Health has taken centre stage of the election campaign. Here’s what you need to know to make sense of the claims (and counter claims) of the major parties so far.
Here’s how the Turnbull/Morrison government performed on hospitals, primary care, pharmaceuticals and private health insurance.
Expensive hospitals are what Australians want, but prevention and local solutions are what Australians need.
Hospital disinfectants could be creating superbugs.
Subsidies for private health insurance premiums cost the government over A$6 billion a year. Is it time to scrap the rebate and redirect these funds elsewhere in the health system?
Hospitals are now required to post their prices online. This approach is unlikely to change US health care – but better price transparency tools could actually reduce costs.
Do we really need to wear an embarrassing, backless gown in hospital?
The A$1.25 billion health funding boost isn’t based on any coherent policy direction. It’s designed to shore up support in marginal electorates.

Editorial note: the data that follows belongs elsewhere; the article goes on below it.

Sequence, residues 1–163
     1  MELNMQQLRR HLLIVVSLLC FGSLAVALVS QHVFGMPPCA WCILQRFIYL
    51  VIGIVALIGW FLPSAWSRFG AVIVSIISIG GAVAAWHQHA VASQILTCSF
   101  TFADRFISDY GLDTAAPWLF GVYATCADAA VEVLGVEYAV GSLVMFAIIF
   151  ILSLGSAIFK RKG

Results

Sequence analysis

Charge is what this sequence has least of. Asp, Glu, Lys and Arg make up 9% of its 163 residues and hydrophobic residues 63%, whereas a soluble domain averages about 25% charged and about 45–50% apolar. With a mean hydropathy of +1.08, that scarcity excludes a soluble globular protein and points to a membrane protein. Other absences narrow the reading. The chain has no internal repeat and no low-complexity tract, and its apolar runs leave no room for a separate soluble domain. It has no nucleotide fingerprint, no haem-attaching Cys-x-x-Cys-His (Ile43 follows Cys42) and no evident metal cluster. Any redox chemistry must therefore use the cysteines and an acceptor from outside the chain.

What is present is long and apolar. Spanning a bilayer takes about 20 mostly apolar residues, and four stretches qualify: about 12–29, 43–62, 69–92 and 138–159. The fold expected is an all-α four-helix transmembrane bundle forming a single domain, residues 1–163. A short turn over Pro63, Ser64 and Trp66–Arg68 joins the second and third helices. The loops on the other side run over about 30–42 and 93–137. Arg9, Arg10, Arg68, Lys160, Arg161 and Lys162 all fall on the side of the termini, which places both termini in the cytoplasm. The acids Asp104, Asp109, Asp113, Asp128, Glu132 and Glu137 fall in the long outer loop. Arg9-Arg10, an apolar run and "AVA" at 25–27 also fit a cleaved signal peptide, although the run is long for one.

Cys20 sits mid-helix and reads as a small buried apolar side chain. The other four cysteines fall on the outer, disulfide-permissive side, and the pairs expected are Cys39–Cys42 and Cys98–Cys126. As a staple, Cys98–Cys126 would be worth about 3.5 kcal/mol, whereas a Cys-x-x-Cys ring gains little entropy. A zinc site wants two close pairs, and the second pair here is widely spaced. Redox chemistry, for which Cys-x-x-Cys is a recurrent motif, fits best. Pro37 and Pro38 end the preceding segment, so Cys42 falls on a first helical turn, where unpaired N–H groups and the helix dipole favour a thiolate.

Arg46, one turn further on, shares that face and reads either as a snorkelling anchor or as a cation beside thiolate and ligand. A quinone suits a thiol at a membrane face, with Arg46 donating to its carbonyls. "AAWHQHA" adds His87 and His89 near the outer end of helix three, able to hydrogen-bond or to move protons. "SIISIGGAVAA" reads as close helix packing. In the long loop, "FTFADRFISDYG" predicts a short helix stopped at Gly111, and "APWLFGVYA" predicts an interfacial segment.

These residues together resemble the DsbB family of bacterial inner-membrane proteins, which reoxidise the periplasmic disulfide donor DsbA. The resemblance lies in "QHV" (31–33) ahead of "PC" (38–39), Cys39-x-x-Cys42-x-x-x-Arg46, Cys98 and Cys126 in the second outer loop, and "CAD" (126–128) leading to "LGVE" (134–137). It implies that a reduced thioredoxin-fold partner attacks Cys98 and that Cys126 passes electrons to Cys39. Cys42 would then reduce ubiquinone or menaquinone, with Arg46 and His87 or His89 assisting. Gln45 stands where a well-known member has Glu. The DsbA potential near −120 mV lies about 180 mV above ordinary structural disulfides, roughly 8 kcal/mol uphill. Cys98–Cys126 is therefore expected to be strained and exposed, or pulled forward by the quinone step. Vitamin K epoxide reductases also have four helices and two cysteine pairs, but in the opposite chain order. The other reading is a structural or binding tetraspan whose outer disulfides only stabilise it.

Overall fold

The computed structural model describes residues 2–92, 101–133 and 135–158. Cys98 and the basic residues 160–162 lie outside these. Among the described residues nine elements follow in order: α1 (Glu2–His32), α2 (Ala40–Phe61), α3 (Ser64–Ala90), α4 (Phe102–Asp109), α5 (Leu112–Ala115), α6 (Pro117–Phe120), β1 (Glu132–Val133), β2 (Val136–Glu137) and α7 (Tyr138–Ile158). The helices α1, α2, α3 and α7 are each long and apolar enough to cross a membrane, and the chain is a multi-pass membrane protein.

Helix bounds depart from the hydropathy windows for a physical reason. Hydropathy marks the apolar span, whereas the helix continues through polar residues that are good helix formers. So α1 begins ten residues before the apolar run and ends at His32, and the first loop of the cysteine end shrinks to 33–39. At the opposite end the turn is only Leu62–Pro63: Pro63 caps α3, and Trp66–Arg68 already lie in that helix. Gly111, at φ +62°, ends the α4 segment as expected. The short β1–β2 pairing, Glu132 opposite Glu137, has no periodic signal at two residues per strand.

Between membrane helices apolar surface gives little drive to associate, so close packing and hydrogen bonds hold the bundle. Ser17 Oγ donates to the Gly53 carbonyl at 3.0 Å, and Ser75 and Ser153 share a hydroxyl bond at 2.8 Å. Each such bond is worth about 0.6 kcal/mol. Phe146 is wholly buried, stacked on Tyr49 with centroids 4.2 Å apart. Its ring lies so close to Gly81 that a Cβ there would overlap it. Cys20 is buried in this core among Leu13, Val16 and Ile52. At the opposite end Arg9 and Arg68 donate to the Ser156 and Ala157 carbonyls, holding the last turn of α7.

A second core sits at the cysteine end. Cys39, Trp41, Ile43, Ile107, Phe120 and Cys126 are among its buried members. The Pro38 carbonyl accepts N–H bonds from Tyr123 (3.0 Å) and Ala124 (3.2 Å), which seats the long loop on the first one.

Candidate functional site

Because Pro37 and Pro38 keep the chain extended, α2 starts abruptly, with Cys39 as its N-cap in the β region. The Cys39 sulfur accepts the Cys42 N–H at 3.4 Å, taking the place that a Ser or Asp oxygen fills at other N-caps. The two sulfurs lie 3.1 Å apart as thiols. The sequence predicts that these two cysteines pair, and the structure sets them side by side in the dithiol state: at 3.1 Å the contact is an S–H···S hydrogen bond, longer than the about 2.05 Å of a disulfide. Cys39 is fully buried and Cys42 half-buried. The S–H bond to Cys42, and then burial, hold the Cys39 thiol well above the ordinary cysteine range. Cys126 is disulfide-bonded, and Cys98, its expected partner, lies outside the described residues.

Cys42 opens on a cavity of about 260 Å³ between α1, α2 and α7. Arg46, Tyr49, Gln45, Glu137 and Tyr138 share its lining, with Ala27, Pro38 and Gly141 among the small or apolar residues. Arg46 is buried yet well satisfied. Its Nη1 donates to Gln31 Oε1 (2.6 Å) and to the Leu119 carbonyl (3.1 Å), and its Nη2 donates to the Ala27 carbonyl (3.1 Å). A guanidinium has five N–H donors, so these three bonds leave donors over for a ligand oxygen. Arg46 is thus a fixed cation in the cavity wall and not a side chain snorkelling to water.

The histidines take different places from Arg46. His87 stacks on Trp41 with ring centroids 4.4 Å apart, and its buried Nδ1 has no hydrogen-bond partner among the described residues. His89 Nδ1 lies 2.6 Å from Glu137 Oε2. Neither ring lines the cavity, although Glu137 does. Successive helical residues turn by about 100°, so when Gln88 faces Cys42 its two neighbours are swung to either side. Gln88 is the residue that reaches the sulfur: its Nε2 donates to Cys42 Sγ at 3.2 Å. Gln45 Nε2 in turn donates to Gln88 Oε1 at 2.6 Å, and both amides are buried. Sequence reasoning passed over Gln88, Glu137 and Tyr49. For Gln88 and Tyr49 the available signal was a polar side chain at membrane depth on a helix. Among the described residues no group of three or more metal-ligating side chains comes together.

The health program was unveiled as the federal, state and territories meet in Adelaide on Wednesday for the Council of Australian Governments with health one of the items on the agenda.
Canadian hospitals are ill-equipped to deal with the inpatient opioid crisis. Lack of specialist addictions care puts patients and staff at risk.
Australians are waiting too long for elective surgery, dental care and treatment for mental health. It’s no wonder health is a vote-changer.
Shortages and high prices are making pharmaceuticals, often including generics, out of reach for millions of Americans.
NHS Wales staff have been using their expertise and experience to suggest new ways of working.
Collaboration is key to successful partnerships.
Youth workers try to use a ‘window of opportunity’ to help young victims of violent crime get out of a cycle of violence.
New research shows women receive sub-optimal care after they have a heart attack and are twice as likely than men to die six months after the attack.
The bill to provide universal health care in South Africa is not the silver bullet for the challenges in the health sector.
The US is currently short on 182 drugs and medical supplies. The problem isn’t new, but it’s frustrating health care workers.
Digital records are all well and good, but they still don’t match the versatility of paper.
To improve wait times for surgery, Canada needs to fix its health-care system. Developing a national seniors’ strategy would be a good place to start.